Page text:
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Interactive Formative Assessments: The Secret To Optimized Learning

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The Importance Of Interactive Formative Assessments

Unlocking wonderment in subjects is essential to the mastery of tests and memory retention. Where traditional pedagogy is failing to properly engage the young generation of digital natives, interactive formative assessments might just have the answer to both optimized learning and teaching.

Schools and education authorities are constantly looking for ways in which to help students learn better; a fair argument is that technology, despite revolutionizing our world in many ways, has failed to make a significant widespread difference to classrooms today. Yet traditional methods of teaching have done little to drive mental engagement among students, with many subjects like mathematics and science terminally regarded as two of the blandest necessary evils of the curriculum. Adherence to standard textbook-based teaching means that nothing is being done to challenge this perception when it’s all too clear that unlocking curiosity and wonderment across all academic disciplines is not only essential to the mastery of tests, but also key to ensuring that more students are inspired enough to pursue further study and even pursue teaching as a career later in life.

There is no doubt that the process of memorizing fundamental nuts-and-bolts facts, principles, and rules of subjects is tedious. But all that is set to change.

Technology: Disrupting The Tedium

Some of the best edTech apps for smartphones, tablets, and desktop computers employ gamification techniques and reward and recognition systems that make the whole learning process more engaging and fun. They speak in the language that children understand: Gameplay, color, interactivity, and friendly competition. It is difficult to emulate that kind of dynamism using traditional methods of textbook and whiteboard based teaching.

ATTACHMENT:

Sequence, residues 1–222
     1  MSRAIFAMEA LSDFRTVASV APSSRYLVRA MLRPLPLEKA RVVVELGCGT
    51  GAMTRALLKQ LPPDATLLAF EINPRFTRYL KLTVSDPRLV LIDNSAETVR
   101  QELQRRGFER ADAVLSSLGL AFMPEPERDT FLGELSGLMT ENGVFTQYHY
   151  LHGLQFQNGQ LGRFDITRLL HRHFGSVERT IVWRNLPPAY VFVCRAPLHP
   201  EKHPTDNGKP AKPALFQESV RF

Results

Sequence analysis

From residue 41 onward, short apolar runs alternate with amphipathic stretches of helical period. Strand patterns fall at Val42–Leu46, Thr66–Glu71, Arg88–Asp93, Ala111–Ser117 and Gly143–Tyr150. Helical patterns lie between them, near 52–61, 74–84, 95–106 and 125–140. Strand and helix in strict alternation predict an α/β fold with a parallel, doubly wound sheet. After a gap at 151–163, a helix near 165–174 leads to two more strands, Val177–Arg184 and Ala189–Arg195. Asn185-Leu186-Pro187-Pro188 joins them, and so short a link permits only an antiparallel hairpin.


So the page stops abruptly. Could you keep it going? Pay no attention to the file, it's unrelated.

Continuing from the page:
Marry that with formative assessment – one of the most powerful ways in which to drive student achievement, so empirical studies say. Formative assessment focuses on inclusion, rewarding effort and progress and enhances the motivation to learn and master. Combined with interactivity and aggregation of data on student performance, a formative assessment could become the definitive and most indispensable tool at a teacher’s disposal.

“Previous to using edTech apps, my assessment of skill gaps in student learning was, at best, approximate and anecdotal; that is, I estimated these gaps based on anecdotal observations from class discussion and student evaluations such as unit tests,” said Kevin Neal, a social studies teacher at Valley High School in the West Des Moines school district in Iowa, USA. “I truly believe that the future for optimal student learning lies in continuous formative assessment mobilized by technology through online interactive tasks made available both in class and to students outside of class time.”